In a move that has “put the rest of the world on notice,” the Dutch Supreme Court has upheld a landmark climate change ruling that requires the Dutch government to accelerate cuts of carbon emissions.
It was called an “immense victory for climate justice,” according to AP.
The Supreme Court upheld lower court rulings that the severity of the climate change crisis demanded greenhouse gas reductions of at least 25% by 2020, according to the Guardian. This is higher than the 17% drop in emissions that was planned by Mark Rutte’s liberal administration.
The ruling was greeted with cheers in the courtroom an will act as a tailwind for similar cases worldwide. Similar cases are being planned in places like Norway, New Zealand, Uganda and the UK.
Marjan Minnesma of the Dutch Urgenda Foundation said: “I am extremely happy that the highest court in the Netherlands has confirmed that climate change is a real, severe problem and that government should do what they themselves have declared for more than 10 years is necessary, namely between 25% and 40% reduction of CO2.”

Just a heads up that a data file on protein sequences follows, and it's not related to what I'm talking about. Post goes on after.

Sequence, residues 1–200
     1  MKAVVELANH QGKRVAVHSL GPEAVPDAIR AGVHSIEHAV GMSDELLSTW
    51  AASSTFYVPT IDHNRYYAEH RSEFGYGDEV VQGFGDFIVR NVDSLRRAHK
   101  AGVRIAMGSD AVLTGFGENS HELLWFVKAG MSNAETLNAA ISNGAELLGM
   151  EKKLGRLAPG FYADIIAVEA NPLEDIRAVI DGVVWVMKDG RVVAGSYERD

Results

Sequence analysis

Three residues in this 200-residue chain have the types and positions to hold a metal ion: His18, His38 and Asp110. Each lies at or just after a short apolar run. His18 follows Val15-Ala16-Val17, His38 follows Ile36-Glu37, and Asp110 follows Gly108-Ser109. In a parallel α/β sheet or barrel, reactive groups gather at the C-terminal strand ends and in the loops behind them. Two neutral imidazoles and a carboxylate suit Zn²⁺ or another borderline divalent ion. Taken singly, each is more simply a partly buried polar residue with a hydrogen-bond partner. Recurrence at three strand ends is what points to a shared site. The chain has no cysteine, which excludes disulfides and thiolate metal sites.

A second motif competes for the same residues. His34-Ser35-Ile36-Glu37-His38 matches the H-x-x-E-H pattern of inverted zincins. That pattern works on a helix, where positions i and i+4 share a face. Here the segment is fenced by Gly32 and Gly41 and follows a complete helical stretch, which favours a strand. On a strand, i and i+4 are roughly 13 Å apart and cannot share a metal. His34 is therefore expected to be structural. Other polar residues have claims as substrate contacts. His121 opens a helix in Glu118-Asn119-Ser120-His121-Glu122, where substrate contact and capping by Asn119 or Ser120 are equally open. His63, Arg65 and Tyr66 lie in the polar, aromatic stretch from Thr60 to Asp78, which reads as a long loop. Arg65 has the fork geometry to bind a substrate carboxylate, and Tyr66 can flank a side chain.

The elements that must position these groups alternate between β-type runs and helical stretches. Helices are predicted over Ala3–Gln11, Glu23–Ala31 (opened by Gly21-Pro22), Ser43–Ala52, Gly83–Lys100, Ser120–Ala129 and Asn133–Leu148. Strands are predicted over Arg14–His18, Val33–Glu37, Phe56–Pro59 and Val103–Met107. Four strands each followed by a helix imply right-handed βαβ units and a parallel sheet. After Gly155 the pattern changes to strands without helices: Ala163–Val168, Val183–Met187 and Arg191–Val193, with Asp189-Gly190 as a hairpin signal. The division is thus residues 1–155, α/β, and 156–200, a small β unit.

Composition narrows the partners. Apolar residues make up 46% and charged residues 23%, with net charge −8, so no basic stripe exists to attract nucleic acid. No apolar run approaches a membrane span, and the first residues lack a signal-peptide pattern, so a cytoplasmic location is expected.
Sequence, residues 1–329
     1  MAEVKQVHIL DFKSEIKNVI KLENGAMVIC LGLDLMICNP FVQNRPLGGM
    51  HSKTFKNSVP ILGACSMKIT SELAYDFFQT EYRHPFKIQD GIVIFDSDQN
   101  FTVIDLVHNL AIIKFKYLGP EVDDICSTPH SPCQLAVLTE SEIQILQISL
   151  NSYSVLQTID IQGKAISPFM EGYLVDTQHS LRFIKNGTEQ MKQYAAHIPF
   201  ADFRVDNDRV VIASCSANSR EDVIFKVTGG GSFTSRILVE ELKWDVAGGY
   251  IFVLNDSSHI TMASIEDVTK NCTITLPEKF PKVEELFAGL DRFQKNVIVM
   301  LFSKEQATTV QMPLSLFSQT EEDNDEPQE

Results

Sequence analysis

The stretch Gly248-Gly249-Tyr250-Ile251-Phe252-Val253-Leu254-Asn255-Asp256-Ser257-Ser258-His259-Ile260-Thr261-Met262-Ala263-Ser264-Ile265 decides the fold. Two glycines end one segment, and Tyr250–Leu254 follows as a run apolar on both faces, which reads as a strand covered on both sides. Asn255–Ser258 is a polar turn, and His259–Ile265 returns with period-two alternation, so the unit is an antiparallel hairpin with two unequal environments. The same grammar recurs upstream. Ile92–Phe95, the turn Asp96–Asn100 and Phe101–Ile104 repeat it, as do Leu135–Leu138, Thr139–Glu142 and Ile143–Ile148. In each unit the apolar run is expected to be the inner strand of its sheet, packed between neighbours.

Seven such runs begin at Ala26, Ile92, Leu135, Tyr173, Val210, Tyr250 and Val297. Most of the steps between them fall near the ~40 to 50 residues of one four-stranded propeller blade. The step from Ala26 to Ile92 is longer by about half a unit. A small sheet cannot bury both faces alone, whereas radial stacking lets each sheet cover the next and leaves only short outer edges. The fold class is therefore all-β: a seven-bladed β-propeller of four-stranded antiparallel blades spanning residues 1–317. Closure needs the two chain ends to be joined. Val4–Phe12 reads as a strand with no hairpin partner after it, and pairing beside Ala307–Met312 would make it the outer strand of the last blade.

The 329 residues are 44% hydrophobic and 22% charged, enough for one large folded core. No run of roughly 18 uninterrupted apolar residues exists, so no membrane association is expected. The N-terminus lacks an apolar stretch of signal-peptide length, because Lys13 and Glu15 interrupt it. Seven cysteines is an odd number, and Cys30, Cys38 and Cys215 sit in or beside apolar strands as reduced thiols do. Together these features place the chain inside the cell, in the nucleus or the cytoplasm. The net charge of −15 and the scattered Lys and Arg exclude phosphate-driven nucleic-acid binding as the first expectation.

Jesse Klaver, the leader of the Dutch Greens, said of the original ruling that it was “historic news” and said “Governments can no longer make promises they don’t fulfil. Countries have an obligation to protect their citizens against climate change. That makes this trial relevant for all other countries.”
To comply with the ruling, one new coal plan would have to be shut down. The state had argued that the judges were “sidelining democracy” by trying to force the policy change.
But Judge Tan de Sonnaville was unconvinced, ruling: “Climate change is a grave danger. Any postponement of emissions reductions exacerbates the risks of climate change. The Dutch government cannot hide behind other countries’ emissions. It has an independent duty to reduce emissions from its own territory.”
It has now been more than four years since a lower court first ruled on the emissions cut. The Dutch government then appealed the verdict, saying the courts shouldn’t be able to order the government to take action. The government lost the appeal in October 2018 and then appealed a second time.
Damian Rau, one of the plaintiffs that filed the case with Urgenda, said the decision “will set the action we so urgently need into motion and will force governments into taking their responsibility. The judgment is an example to the world that no one is powerless and everybody can make a difference.”
Rutte’s administration had already pledged to cut emissions by 49% by 2030. However, in 3 decades, the country has only cut emissions by 13%.
There was no word on whether or not Greta Thunberg showed up to the ruling to lecture and ridicule and the judges, had the ruling not gone her way.